"We have been a little bit flat all season, which is disappointing. We were great last year and just maybe come off the top of that and haven't been where we've wanted to be all year."

As well as their head coach, Ireland also said their farewells to skipper Rory Best, who suffered a heavy defeat in his final international outing.

The hooker thanked the departing Schmidt for taking his game to a new level during an emotional interview before going on a lap of honour with his children after concluding media duties.

"The crowd have been fantastic, as has the support I have received from home, from the fans, whether we're at home or away, my team-mates, the coaching staff and, in particular, Joe," Best said.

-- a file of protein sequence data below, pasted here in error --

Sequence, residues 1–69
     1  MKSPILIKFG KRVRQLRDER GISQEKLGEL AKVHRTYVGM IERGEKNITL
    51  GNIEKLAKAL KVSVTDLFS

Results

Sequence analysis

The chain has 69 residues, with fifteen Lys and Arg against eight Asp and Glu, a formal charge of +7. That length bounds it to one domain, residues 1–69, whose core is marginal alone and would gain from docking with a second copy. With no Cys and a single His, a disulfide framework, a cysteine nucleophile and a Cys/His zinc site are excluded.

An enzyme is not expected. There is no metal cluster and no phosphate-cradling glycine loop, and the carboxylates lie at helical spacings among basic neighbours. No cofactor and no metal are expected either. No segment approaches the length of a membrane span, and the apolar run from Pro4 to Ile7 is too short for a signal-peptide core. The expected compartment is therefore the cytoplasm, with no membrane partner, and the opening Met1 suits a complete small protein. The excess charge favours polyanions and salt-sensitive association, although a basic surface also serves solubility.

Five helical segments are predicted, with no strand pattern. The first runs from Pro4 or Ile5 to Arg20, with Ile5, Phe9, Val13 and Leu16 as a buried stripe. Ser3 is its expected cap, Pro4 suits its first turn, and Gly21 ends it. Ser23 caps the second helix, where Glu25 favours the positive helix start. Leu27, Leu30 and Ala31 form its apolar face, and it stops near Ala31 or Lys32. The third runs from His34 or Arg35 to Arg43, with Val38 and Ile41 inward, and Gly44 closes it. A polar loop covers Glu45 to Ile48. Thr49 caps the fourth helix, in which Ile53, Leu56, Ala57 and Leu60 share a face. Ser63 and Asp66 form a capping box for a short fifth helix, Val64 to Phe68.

"He brought Irish rugby and probably my game in particular to a new level. A lot of credit must go to him."

An emotional Rory Best doffed his cap to New Zealand after the two-time defending champions ended the Ireland captain's career with a crushing 46-14 Rugby World Cup quarter-final defeat.

The All Blacks were in a class of their own at Tokyo Stadium on Saturday, Aaron Smith claiming a quickfire first-half double and Beauden Barrett also crossing to put the holders 22-0 up at the break.

Codie Taylor, Matt Todd, George Bridge and Jordie Barrett touched down in the second half, with Ireland having to wait until 11 minutes from time for Robbie Henshaw to go under the posts and get them on the board before they were awarded a late penalty try.